U.S. Airlines Quick to Drop Mask Mandate After Federal Court Ruling

Delta, American, United, and more did not waste any time lifting their face mask protocols on board.

Travelers at the departures concourse of Miami International Airport (MIA) in Miami, Florida, U.S.
Photo: Saul Martinez/Getty Images

All major airlines in the United States have dropped mask requirements after a federal judge in Florida threw out the federal transportation mask mandate on Monday.

Carriers including United Airlines, Delta Air Lines, American Airlines, JetBlue, and more nixed their face mask rules for both passengers and crew.

Hours earlier, U.S. District Court Judge Kathryn Kimball Mizelle ruled the federal mask mandate, which required face coverings be worn on planes, in airports, on trains, buses, and on other forms of public transport "violates the procedures required for agency rulemaking." Following her ruling, the Transportation Security Administration said it would no longer enforce the mandate, but noted the Centers for Disease Control and Prevention "continues to recommend that people wear masks in indoor public transportation settings at this time."

The mandate, which was first implemented in January 2021 and extended several times since, was recently continued until May 3 as the CDC continues to assess a spike in COVID-19 cases related to a new omicron subvariant, BA.2.

White House Press Secretary Jen Psaki called the ruling a "disappointing decision" during a briefing on Monday and said the "Department of Homeland Security… and the CDC are reviewing the decision. And, of course, the Department of Justice would make any determinations about litigation."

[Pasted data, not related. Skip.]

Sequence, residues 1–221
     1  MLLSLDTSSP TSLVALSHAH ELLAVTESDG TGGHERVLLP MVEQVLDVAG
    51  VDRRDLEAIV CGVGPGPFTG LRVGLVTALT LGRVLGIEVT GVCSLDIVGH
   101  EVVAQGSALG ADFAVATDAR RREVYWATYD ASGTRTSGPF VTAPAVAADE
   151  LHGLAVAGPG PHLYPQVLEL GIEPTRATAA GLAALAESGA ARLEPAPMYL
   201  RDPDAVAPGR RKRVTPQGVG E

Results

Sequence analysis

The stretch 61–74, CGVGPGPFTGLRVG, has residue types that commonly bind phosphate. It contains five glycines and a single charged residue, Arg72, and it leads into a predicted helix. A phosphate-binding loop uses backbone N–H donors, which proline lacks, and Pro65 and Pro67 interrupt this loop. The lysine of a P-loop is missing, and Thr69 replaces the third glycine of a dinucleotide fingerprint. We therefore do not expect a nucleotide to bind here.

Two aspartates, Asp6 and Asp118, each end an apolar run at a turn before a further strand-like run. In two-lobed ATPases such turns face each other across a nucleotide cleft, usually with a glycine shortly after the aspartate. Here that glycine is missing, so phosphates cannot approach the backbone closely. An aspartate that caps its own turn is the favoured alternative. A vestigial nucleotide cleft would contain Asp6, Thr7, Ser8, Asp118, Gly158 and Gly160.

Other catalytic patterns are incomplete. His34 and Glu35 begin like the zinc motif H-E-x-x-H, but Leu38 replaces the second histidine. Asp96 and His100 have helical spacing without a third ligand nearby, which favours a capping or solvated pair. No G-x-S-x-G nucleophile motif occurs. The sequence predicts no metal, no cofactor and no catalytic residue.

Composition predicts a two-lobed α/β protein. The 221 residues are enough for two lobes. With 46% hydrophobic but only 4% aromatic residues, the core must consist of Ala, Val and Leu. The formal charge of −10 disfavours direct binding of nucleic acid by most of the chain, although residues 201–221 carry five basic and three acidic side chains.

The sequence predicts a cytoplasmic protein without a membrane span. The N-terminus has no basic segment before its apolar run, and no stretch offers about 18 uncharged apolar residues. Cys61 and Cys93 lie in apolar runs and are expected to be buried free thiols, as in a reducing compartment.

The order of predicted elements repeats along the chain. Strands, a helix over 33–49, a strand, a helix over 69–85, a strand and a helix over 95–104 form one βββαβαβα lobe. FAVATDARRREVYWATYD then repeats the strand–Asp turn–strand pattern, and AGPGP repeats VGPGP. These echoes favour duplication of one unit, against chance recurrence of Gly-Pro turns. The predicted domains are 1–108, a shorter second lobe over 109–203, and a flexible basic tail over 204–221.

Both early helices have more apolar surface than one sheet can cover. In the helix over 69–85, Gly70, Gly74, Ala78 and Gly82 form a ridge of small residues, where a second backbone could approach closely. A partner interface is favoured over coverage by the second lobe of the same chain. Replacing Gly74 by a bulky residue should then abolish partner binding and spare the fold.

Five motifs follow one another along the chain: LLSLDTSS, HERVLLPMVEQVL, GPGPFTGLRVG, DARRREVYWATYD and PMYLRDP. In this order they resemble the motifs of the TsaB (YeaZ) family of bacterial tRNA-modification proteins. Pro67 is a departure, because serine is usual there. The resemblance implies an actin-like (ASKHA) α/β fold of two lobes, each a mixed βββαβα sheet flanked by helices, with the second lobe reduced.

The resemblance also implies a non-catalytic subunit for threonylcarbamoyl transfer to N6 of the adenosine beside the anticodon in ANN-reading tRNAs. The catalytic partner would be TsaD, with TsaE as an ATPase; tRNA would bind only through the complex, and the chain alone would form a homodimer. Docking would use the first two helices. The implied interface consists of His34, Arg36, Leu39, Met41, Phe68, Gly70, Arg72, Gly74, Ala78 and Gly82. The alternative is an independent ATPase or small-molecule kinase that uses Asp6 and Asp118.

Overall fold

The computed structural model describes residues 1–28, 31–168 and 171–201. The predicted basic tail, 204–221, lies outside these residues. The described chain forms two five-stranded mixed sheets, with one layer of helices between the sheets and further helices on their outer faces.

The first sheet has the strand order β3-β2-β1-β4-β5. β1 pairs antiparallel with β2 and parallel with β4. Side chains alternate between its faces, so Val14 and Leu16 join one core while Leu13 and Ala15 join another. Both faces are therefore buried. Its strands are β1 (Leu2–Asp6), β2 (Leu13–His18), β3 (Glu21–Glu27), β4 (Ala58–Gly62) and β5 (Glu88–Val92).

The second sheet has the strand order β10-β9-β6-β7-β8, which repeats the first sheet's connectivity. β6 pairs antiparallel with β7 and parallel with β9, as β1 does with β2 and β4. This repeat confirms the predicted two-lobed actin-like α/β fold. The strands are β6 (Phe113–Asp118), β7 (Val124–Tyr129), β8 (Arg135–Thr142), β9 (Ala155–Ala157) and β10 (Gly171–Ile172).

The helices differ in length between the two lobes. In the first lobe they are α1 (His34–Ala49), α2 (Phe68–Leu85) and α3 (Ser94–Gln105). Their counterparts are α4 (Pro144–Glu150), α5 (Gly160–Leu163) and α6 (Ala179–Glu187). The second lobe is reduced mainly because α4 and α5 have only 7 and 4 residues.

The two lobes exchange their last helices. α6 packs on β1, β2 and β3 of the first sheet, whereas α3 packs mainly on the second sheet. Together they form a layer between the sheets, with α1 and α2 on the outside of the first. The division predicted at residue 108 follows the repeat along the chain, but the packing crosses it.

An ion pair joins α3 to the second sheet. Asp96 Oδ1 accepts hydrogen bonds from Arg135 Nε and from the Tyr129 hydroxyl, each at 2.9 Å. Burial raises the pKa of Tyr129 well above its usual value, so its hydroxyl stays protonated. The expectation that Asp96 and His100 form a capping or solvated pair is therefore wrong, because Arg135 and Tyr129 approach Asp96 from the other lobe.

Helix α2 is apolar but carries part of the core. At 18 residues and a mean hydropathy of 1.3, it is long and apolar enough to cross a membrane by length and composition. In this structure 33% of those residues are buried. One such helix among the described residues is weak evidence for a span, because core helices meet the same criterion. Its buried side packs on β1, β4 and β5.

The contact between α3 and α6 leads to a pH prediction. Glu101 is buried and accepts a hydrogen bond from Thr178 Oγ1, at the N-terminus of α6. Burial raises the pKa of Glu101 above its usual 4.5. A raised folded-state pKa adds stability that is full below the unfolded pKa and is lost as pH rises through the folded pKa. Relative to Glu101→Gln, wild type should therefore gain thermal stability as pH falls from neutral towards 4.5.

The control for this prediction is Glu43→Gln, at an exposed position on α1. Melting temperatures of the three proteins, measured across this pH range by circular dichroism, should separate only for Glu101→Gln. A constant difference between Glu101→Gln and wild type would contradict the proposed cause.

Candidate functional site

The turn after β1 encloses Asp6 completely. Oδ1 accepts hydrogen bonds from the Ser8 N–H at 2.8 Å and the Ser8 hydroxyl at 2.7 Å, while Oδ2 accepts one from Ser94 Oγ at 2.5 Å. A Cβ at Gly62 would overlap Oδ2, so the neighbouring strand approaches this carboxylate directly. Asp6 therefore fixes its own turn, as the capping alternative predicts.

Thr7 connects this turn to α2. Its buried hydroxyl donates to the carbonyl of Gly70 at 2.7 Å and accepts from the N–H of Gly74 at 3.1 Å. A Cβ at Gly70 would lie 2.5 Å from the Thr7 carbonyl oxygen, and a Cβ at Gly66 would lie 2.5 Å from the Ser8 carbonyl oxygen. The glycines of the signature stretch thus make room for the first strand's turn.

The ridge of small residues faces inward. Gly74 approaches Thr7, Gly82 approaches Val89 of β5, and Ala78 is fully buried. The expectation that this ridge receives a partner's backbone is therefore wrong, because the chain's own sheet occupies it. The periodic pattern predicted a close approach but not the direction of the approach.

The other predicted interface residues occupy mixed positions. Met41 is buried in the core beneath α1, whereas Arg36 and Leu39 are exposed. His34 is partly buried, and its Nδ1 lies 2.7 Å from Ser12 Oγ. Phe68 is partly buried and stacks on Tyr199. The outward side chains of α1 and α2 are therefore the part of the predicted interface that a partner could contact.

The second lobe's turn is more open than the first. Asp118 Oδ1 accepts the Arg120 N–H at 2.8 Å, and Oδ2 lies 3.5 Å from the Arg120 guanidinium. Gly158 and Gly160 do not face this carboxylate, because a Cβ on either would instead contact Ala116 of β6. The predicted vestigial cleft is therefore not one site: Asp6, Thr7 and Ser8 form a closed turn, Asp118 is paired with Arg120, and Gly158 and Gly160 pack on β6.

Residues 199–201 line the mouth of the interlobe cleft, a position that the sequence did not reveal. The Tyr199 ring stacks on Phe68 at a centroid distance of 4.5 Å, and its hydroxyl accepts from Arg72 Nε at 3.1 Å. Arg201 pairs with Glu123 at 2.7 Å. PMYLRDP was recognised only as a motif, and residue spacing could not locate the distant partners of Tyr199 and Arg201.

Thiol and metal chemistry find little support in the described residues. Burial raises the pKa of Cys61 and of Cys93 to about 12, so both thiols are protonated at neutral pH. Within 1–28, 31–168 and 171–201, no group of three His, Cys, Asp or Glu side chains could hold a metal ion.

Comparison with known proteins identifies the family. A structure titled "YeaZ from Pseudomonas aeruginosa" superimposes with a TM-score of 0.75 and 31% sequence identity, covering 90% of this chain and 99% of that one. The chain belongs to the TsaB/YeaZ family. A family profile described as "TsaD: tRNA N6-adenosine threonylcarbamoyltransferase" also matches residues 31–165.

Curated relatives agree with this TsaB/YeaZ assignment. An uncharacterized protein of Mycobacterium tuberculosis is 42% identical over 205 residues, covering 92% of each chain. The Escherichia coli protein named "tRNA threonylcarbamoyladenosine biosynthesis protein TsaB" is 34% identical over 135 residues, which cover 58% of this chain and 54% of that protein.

However, airlines didn't waste a moment updating their policies. United Airlines was one of the first to do away with masks on board domestic flights and select international flights.

"While this means that our employees are no longer required to wear a mask – and no longer have to enforce a mask requirement for most of the flying public – they will be able to wear masks if they choose to do so, as the CDC continues to strongly recommend wearing a mask on public transit," a representative for United told Travel + Leisure. "We will continue to closely monitor the situation in the event of changes."

Similarly, American, Southwest, Hawaiian Airlines, Alaska Airlines, Spirit Airlines, and Frontier Airlines put out statements, while a spokesman for JetBlue, which also made masks optional, told T+L "customers and crewmembers are welcome to continue wearing masks in our terminals and on board our aircraft."

Delta, which also dropped mask rules, warned customers there may be a few hiccups at first.

"Given the unexpected nature of this announcement, please be aware that customers, airline employees and federal agency employees, such as TSA, may be receiving this information at different times," the airline wrote in a statement. "You may experience inconsistent enforcement during the next 24 hours as this news is more broadly communicated – remember to show understanding and patience with others who may not be aware enforcement is no longer required."

Tori Emerson Barnes, the executive vice president of public affairs and policy for the U.S. Travel Association, said in a statement shared with T L the decision to halt enforcement of the mask mandate works as "a further step toward endemic management of Covid."

The U.S. is not alone in lifting mask rules on planes and several countries have eliminated pandemic-era rules altogether, including Iceland and the United Kingdom.

But while masks will no longer be mandatory, the U.S. still continues to require all international travelers, including U.S. citizens, to get tested within one day of flying to the country.

Alison Fox is a contributing writer for Travel Leisure. When she's not in New York City, she likes to spend her time at the beach or exploring new destinations and hopes to visit every country in the world. Follow her adventures on Instagram.

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